MatrikonOPC SCADA DNP3 Master Station Improper Input Validation
ICSA： ICS Advisory (ICSA-13-213-04A)
This updated advisory was originally posted to the US-CERT secure Portal library on August 02, 2013, and is now being released to the ICS-CERT Web page.
Adam Crain of Automatak and independent researcher Chris Sistrunk have identified an improper input validation vulnerability in MatrikonOPC’s SCADA DNP3 OPC Server application. MatrikonOPC has produced a patch that mitigates this vulnerability. The researchers tested the patch to validate that it resolves the vulnerability.
This vulnerability could be exploited remotely.
The following MatrikonOPC SCADA DNP3 OPC Server versions are affected:
- MatrikonOPC SCADA DNP3 OPC Server 1.2.0 and above.
An attacker could potentially use this vulnerability to craft an exploit to cause the application on the master server to crash, causing the application to exit cleanly and disrupt OPC communication with the outstation device.
Impact to individual organizations depends on many factors that are unique to each organization. ICS‑CERT recommends that organizations evaluate the impact of this vulnerability based on their operational environment, architecture, and product implementation.
MatrikonOPC is a US-based company that maintains offices in several countries around the world, including the US, Canada, Germany, Russia, Australia, Singapore, Norway, Brazil, UK, India, Spain, Portugal, and Costa Rica.
The affected product, SCADA DNP3 OPC Server, is Microsoft Windows-based software that facilitates connectivity to multiple DNP3 compliant devices such as remote terminal units, programmable logic circuits, and meters. According to MatrikonOPC, the SCADA DNP3 OPC Server is deployed across several sectors including oil and gas, mining, power and utilities, petrochemical, and others. MatrikonOPC products are primarily used in the US, Canada, and UK.
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IMPROPER INPUT VALIDATIONa
The susceptible versions of MatrikonOPC contain a specific vulnerability that may cause the server to exit and cause communications to stop. This only happens after the server (master station) successfully connects to a device (outstation) and that device returns a malformed DNP3 packet.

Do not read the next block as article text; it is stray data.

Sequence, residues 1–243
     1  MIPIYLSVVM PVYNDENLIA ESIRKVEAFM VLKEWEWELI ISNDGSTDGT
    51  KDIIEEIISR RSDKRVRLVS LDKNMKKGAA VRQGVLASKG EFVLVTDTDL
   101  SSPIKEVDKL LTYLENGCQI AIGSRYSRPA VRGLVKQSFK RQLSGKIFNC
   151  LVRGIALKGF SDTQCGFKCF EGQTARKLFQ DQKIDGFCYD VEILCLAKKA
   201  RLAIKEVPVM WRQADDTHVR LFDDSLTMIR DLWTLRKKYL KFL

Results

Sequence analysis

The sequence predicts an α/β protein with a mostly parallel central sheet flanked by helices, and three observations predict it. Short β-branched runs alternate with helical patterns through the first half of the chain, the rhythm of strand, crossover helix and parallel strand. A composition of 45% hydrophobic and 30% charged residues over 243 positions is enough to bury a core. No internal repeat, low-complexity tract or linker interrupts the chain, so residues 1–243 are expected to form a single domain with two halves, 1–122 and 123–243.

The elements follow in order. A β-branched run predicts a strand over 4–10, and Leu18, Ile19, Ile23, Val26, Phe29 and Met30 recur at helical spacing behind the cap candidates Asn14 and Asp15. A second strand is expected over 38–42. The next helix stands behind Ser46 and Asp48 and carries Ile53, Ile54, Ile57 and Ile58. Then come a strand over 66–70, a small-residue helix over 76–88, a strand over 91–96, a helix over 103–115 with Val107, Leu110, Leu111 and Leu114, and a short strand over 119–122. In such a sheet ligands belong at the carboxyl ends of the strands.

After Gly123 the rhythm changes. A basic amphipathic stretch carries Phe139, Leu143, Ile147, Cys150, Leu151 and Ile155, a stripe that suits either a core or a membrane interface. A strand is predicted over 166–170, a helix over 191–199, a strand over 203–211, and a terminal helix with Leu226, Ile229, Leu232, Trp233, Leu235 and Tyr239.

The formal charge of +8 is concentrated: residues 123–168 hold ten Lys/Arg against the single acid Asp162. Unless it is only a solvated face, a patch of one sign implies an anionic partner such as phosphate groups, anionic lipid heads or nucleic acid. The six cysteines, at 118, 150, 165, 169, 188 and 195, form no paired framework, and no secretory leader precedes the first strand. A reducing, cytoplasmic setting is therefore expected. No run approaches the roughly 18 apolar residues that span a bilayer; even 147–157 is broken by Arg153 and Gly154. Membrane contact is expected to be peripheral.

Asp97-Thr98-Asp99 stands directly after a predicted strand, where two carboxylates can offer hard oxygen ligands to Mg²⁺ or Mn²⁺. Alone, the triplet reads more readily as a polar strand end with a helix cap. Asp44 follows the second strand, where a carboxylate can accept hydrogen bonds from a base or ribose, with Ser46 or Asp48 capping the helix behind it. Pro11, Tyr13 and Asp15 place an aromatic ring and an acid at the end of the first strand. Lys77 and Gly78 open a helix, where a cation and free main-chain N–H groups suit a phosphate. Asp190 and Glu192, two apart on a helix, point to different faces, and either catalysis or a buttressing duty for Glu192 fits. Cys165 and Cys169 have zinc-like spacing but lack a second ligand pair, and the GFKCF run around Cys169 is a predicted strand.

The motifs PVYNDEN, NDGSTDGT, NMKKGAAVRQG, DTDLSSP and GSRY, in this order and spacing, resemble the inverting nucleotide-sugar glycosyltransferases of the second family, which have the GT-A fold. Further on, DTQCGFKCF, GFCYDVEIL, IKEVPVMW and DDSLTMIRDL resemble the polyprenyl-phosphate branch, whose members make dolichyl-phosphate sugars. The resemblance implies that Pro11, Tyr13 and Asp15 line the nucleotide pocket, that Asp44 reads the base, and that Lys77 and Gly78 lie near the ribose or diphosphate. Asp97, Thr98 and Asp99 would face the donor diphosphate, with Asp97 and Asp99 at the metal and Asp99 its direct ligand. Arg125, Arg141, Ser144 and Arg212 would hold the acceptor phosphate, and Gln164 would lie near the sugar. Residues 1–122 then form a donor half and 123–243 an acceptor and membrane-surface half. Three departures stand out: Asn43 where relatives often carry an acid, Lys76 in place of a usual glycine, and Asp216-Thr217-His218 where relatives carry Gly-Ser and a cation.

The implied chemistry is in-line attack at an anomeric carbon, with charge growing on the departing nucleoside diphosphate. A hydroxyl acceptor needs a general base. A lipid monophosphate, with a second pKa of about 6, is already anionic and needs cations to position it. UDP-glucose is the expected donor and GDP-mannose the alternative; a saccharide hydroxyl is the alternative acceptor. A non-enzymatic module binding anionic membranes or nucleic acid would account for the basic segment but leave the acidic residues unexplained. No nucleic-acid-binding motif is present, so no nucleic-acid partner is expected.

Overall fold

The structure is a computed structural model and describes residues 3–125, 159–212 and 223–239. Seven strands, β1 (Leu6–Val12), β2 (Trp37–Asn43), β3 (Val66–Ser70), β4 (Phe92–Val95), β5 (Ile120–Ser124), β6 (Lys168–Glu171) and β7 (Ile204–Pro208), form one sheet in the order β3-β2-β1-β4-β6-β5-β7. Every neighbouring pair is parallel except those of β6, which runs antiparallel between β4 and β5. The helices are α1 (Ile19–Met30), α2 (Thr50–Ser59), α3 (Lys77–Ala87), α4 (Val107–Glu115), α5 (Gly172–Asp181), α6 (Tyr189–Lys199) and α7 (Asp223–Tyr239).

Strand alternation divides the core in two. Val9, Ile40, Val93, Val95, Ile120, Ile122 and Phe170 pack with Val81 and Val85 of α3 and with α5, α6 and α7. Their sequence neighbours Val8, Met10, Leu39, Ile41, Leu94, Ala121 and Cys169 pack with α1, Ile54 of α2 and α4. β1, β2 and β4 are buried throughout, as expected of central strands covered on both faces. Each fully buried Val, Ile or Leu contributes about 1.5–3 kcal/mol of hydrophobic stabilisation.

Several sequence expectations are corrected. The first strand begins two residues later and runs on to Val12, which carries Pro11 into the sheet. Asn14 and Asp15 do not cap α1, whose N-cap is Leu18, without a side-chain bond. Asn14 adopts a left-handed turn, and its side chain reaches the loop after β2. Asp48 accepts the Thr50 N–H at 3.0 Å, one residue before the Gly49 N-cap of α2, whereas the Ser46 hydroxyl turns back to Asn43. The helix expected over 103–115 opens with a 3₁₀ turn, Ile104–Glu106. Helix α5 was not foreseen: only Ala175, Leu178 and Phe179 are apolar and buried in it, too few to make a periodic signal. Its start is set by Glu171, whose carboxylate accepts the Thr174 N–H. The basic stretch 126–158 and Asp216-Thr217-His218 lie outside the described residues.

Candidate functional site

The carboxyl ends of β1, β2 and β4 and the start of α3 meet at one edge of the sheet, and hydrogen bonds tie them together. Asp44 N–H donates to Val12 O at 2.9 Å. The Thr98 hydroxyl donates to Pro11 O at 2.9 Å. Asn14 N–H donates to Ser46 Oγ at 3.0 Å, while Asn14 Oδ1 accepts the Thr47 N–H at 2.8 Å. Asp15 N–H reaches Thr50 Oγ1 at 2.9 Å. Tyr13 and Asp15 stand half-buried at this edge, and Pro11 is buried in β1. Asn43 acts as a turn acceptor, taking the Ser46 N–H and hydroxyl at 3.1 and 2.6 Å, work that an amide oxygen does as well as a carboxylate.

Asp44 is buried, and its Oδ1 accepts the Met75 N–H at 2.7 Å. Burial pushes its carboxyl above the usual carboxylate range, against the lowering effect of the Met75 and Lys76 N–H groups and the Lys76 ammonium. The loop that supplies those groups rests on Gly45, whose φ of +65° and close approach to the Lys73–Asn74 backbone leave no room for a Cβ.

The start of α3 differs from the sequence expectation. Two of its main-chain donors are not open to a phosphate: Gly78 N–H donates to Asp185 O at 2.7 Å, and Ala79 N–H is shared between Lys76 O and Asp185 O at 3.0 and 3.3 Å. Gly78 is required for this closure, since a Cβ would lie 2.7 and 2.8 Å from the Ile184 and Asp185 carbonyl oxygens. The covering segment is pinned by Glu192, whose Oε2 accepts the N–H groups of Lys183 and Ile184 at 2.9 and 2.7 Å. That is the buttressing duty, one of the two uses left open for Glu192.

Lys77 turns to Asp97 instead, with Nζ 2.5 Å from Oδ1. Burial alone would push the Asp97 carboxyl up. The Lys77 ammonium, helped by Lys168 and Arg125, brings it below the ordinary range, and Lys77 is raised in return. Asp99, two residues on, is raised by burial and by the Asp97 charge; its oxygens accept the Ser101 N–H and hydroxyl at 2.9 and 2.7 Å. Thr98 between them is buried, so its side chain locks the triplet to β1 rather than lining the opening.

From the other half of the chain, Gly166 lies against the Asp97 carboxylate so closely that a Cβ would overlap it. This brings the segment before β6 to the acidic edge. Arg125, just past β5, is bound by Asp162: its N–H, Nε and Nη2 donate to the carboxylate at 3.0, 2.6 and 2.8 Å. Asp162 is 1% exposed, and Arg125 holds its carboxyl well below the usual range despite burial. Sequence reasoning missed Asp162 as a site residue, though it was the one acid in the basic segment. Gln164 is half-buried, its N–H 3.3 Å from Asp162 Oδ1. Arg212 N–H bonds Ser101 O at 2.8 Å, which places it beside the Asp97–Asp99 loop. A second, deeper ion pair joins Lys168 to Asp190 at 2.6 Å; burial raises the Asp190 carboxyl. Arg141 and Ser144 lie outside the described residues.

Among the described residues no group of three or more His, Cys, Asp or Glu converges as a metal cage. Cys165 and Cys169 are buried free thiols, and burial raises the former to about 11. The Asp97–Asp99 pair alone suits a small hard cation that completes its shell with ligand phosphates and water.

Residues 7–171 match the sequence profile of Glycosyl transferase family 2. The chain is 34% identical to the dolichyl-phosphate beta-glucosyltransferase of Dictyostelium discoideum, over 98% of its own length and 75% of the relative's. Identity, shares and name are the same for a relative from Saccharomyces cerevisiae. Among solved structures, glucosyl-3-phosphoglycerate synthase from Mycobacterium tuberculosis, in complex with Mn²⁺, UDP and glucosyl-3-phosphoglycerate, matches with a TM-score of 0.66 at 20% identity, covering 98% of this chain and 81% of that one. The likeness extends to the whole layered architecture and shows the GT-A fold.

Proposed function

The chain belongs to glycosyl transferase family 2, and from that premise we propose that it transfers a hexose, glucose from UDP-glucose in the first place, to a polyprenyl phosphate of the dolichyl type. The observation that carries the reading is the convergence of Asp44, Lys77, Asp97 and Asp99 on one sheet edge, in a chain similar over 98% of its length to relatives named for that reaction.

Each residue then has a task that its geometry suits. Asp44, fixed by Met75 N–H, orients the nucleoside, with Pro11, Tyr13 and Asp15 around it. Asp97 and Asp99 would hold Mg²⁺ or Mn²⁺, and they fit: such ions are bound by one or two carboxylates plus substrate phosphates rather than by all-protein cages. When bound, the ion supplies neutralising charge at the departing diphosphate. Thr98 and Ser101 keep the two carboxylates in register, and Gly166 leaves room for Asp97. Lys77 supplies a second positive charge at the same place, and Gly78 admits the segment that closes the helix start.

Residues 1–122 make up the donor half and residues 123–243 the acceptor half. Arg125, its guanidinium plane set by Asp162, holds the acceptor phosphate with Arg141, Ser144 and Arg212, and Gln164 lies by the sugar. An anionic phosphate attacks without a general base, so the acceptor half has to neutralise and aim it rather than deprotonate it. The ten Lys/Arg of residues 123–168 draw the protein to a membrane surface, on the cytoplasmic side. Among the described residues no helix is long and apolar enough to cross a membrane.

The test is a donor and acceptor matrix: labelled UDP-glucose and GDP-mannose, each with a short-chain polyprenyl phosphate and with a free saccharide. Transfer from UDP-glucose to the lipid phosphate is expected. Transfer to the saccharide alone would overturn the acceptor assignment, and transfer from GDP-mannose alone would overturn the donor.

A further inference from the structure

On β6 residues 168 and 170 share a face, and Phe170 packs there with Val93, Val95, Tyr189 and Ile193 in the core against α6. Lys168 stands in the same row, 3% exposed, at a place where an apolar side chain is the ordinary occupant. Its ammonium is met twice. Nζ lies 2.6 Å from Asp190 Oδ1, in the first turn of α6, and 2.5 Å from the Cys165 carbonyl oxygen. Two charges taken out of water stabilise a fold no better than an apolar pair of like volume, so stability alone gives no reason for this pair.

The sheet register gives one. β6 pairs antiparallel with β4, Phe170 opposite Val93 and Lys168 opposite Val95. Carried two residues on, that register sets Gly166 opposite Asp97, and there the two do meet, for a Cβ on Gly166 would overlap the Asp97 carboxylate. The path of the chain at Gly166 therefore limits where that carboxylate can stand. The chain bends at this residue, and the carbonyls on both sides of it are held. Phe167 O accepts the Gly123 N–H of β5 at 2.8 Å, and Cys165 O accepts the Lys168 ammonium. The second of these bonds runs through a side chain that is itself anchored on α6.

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This vulnerability could be exploited remotely.
EXISTENCE OF EXPLOIT
No known public exploits specifically target this vulnerability.
An attacker with a moderate skill would be able to exploit this vulnerability.
MatrikonOPC recommends that customers obtain and install the fix as follows.
- Visit http://www.opcsupport.com/ics/support/default.asp?deptID=4590, click on the Product Advisory section, and read the posted Security Notice.
- Contact OPC Support to obtain the new version of the OPC server for DNP3.
- Install the new version of the OPC Server for DNP3.
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The researchers suggest the following mitigation:
- Block DNP3 traffic from traversing onto business or corporate networks through the use of an IPS or firewall with DPN3-specific rule sets.
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ICS‑CERT encourages asset owners to take additional defensive measures to protect against this and other cybersecurity risks.
- Minimize network exposure for all control system devices. Critical devices should not directly face the Internet.
- Locate control system networks and remote devices behind firewalls, and isolate them from the business network.
- When remote access is required, use secure methods, such as Virtual Private Networks (VPNs), recognizing that VPN is only as secure as the connected devices.
ICS-CERT also provides a section for control systems security recommended practices on the ICS-CERT Web page. Several recommended practices are available for reading and download, including Improving Industrial Control Systems Cybersecurity with Defense-in-Depth Strategies.d ICS‑CERT reminds organizations to perform proper impact analysis and risk assessment prior to taking defensive measures.
Additional mitigation guidance and recommended practices are publicly available in the ICS‑CERT Technical Information Paper, ICS-TIP-12-146-01B—Targeted Cyber Intrusion Mitigation Strategies,e that is available for download from the ICS-CERT Web page (http://ics-cert.us-cert.gov/).
Organizations observing any suspected malicious activity should follow their established internal procedures and report their findings to ICS‑CERT for tracking and correlation against other incidents.
- a. CWE-20: Improper Input Validation http://cwe.mitre.org/data/definitions/20.html, Web site last accessed August 29, 2013.
- b. NVD, http://web.nvd.nist.gov/view/vuln/detail?vulnId=CVE-2013-2791 , NIST uses this advisory to create the CVE Web site report. This Web site will be active sometime after publication of this advisory.
- c. CVSS Calculator, http://nvd.nist.gov/cvss.cfm?version=2&vector=AV:N/AC:M/Au:N/C:N/I:N/A:C, Web site last accessed August 29, 2013.
- d. CSSP Recommended Practices, http://ics-cert.us-cert.gov/content/recommended-practices, Web site last accessed August 29, 2013.
- e. Targeted Cyber Intrusion Detection and Mitigation Strategies, http://ics-cert.us-cert.gov/tips/ICS-TIP-12-146-01B, Web site last accessed August 29, 2013.